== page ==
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Leviticus

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Leviticus details the Israelites' priestly rituals.

The Book of Leviticus is the third book of the Old Testament, traditionally ascribed to Moses. The main themes of the book are legal rules and priestly ritual. Among Christians, it is perhaps the least read and appreciated book of the Bible,[1][2] and some serious modern scholars outside of Orthodox Judaism have tended to overlook it, regarding it as "the remnant of a primitive culture, with its emphasis on sacrifice and purity."[3] After the preceding books of Genesis and Exodus, "full of incident, battle and drama, the dreary lists of priestly laws come as something of a let-down"[3] it may seem to some, as Pawson has described it, to be "like trying to read the telephone directory."[1] However, the Psalmist loved God's Law, (Ps. 119::97) and traditional evangelical scholars (in particular) see the critical importance of Leviticus, as an accurate understanding of this book is important for contemporary Christians in order to relate the legal text of the book to the church and the ordinary Christian in the 21st century.[4] Those who dismiss it as irrelevant today ignore that without it whole areas of later Scripture would become inexplicable, and even the sacrifice of Jesus Christ would become an enigma.[5]

Contents

Christian commentary

Adam Clarke: "As the law was our schoolmaster unto Christ, the whole sacrificial system was intended to point out that Lamb of God, Christ Jesus, who takes away the sin of the world."[6] A key chapter in this regard is Leviticus 16.

C. I. Scofield notes: "Leviticus stands in the same relation to Exodus, that the Epistles do to the Gospels. Exodus is the record of redemption, and lays the foundation of the cleansing, worship, and service of a redeemed people. Leviticus gives the detail of the walk, worship, and service of that people. In Exodus God speaks out of the mount to which approach was forbidden; in Leviticus He speaks out of the tabernacle in which He dwells in the midst of His people, to tell them that which befits His holiness in their approach to, and communion with, Himself. The key word of Leviticus is holiness, occurring 87 times. Key verse is Lev 19:2."[7]

In addition, Keil and Delitzsch state: "The laws contained in this book might justly be described as the “spiritual statute-book of Israel as the congregation of Jehovah....In the ordinances, rights, and laws thus given to the covenant nation, not only was the way clearly indicated, by which the end of its divine calling was to be attained, but a constitution was given to it, fully adapted to all the conditions incident to this end, and this completed the establishment of the kingdom of God in Israel."[8]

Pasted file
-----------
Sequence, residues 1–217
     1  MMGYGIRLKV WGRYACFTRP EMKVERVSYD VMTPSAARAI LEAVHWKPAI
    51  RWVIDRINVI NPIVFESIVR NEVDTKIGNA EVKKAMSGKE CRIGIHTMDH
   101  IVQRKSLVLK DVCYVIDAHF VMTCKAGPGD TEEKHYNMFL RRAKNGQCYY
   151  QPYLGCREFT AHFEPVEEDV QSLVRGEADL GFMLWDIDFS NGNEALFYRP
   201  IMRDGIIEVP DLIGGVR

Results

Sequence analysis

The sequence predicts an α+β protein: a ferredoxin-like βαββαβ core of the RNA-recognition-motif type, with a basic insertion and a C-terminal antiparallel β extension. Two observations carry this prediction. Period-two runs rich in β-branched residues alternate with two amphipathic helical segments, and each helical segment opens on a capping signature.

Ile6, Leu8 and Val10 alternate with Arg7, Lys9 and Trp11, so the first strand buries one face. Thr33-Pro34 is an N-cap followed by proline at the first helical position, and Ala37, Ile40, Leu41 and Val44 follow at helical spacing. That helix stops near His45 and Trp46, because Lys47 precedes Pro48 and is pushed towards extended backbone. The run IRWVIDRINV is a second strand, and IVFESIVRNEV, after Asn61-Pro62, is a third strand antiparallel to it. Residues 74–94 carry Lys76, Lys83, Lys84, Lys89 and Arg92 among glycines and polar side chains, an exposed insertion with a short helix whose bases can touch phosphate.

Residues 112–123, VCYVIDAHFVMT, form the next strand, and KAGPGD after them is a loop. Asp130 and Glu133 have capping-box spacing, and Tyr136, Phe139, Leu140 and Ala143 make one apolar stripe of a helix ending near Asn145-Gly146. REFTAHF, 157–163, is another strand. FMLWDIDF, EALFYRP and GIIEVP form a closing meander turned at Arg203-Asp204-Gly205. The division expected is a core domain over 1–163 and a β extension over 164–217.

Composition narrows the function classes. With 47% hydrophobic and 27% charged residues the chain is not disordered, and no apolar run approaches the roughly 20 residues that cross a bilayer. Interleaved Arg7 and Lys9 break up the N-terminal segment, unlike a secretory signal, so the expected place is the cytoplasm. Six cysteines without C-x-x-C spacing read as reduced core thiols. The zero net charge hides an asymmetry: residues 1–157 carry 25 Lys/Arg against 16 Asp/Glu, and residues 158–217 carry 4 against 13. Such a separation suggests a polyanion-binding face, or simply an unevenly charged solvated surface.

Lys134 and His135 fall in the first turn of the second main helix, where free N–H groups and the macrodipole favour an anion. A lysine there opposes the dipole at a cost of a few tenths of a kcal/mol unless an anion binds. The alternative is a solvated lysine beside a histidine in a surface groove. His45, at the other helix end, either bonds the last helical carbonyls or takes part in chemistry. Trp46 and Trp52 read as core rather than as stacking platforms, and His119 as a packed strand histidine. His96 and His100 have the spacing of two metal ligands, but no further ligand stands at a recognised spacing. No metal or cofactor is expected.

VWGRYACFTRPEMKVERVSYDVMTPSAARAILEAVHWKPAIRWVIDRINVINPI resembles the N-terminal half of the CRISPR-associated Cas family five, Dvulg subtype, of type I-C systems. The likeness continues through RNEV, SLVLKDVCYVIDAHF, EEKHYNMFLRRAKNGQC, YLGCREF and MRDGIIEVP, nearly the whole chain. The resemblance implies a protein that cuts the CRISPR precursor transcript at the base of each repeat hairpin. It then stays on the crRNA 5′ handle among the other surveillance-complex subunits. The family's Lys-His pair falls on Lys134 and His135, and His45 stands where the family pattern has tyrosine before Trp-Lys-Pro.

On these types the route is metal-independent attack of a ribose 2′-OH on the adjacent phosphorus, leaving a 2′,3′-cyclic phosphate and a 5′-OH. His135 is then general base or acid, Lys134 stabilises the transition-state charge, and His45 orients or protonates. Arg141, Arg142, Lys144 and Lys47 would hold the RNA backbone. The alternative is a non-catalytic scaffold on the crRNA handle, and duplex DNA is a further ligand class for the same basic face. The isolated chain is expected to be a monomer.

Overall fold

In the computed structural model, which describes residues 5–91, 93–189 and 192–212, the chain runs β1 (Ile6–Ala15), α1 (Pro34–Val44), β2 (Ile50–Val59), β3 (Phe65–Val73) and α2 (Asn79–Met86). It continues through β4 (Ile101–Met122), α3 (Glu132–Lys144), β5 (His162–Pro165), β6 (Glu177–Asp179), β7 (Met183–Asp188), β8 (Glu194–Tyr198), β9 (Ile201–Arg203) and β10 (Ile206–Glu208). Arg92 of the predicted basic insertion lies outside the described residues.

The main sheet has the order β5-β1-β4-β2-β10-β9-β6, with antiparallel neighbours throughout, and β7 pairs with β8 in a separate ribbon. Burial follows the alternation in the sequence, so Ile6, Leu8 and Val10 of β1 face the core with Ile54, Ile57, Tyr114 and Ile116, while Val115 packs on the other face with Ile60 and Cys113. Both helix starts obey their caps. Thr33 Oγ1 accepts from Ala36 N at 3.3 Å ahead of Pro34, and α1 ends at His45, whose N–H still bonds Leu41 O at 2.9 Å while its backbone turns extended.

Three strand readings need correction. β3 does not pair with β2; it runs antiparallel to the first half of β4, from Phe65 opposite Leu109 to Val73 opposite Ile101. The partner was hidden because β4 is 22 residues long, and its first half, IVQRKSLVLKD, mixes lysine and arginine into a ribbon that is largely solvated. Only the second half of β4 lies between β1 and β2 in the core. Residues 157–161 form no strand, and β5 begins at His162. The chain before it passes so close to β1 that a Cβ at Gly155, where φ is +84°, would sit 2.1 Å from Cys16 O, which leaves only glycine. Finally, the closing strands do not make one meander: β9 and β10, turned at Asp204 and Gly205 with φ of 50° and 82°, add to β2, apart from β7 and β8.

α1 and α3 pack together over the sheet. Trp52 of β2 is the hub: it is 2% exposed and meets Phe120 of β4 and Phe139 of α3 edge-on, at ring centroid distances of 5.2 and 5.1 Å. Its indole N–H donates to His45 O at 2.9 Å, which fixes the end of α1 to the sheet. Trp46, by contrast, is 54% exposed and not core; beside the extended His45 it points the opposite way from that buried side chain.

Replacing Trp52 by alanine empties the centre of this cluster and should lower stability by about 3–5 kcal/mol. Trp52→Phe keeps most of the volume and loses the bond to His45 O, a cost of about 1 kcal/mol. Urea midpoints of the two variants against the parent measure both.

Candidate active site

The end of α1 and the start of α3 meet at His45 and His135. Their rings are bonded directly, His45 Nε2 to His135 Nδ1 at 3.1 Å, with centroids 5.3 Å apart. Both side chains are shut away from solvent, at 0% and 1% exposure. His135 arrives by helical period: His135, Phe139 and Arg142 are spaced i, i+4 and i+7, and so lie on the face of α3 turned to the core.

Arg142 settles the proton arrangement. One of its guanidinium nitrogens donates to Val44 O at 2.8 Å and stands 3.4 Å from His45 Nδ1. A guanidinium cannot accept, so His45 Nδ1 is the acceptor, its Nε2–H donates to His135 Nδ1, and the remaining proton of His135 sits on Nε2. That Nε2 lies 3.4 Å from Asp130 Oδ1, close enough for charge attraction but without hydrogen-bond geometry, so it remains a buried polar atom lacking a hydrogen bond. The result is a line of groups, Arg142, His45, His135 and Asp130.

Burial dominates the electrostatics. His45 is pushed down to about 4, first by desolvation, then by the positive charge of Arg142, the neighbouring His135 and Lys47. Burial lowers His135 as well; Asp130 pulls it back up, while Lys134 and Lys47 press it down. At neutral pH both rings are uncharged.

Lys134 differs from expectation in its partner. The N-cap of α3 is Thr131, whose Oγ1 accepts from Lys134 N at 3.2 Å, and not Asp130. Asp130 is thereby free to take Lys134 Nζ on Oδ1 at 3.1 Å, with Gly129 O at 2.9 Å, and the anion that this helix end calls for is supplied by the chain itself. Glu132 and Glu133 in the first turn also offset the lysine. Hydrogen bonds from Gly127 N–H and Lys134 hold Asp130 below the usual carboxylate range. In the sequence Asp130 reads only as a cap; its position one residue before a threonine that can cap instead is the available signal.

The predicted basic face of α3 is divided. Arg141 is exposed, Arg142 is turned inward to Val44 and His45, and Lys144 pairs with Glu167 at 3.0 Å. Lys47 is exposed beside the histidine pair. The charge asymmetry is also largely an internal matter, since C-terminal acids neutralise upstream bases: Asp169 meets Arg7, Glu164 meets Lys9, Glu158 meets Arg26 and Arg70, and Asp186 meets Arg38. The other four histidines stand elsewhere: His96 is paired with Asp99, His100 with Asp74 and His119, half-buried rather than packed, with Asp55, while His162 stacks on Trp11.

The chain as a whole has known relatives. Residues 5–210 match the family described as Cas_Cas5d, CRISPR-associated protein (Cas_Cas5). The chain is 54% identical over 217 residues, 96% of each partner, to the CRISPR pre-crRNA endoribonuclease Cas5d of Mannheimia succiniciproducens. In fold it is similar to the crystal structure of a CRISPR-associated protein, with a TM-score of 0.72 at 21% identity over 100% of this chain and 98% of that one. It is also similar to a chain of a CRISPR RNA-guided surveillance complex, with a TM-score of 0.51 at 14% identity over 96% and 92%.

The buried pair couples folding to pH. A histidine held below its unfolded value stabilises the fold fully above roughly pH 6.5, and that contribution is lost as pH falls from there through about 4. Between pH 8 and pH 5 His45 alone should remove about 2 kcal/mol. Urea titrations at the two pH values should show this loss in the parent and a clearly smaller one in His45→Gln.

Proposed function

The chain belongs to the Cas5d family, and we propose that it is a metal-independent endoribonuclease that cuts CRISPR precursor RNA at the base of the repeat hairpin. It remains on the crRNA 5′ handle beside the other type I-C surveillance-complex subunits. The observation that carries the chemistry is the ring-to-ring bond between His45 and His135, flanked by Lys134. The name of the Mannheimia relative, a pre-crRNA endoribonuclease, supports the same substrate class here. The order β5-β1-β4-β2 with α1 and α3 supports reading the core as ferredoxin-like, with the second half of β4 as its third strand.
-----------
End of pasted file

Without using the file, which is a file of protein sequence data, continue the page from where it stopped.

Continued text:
Etymology

Its English name is derived from Liber Leviticus, the Latin translation of the Greek βιβλίον το Λευιτικόν ("biblion to Levitikon"/"book of the Levites"). The book however makes "a very strong distinction between the priesthood, who are identified as being descended from Aaron, and mere Levites."[4] The only mention of the Levites in Leviticus is at 25:32-33, and it has been suggested that this was added almost as a footnote during the writing of Numbers, which "specifically and often" refers to them in chapters 1-4, 7-8, 16-18, 26, 31 and 35.[9]

In its original Hebrew the book is called Vayikra (וַיִּקְרָא "and He called"), taken from its opening words, and this is the name by which the book is known in Judaism and Messianic Judaism.

Language and literary composition

Leviticus was written in Hebrew, and uses what has been described as a "distinctly priestly vocabulary"[9]. It is meant to be read seamlessly from the closing of Exodus, opening as it does with "and..." The laws are the revelations of God, generally given directly to Moses, although sometimes to Moses and Aaron (11:1; 13:1; 14:33; 15:1) and to Aaron alone (10:8). The book is written with God as the direct speaker almost throughout the whole, and no other book of the Bible contains more direct revelation than Leviticus.

That Moses is the author is asserted 36 times within the text[10] Although some scholars have suggested that the book was written after the time of Moses, or that there are two distinct authors ("P" compiling the priestly code and "H" compiling the holiness code)[11] it is traditionally accepted that Moses was the sole author.

While generally considered an accurate translation of the Hebrew scrolls from which it was first copied, the Old Greek translation from which almost all English versions are produced does have some flaws when compared with the Masoretic textus receptus, the Samaritan Pentateuch, and the Qumran and Masada scrolls. While Milgrom claims that the variations were "few and nearly always insignificant"[12], Wevers observed that the translators "made changes... in order to clarify the Hebrew text" but more significantly the translator ends up "in fact, actually 'correcting' the text...[putting] into Greek what he thought God actually meant to say", often misunderstanding the Hebrew text.[13] That there is some disagreement over translation should be considered when studying the text: Leviticus is essentially a book of rituals, the language used in its original form is extremely precise, and so its words need to be translated as precisely as possible, and the same way each time they are used. For example, although the word "leprosy" is used throughout Chapters 13-14 in most versions today, the Hebrew denotes "plague of corruption", using the same language that described the plagues upon Egypt. Its use in Leviticus would therefore seem to be describing all manners of contagious disease, not simply leprosy.

Structure

The book is set down in a fairly logical manner:

  • Chapters 1-7 - The sacrifices and how they should be performed are described in detail, firstly for the people, and then repeated for the priests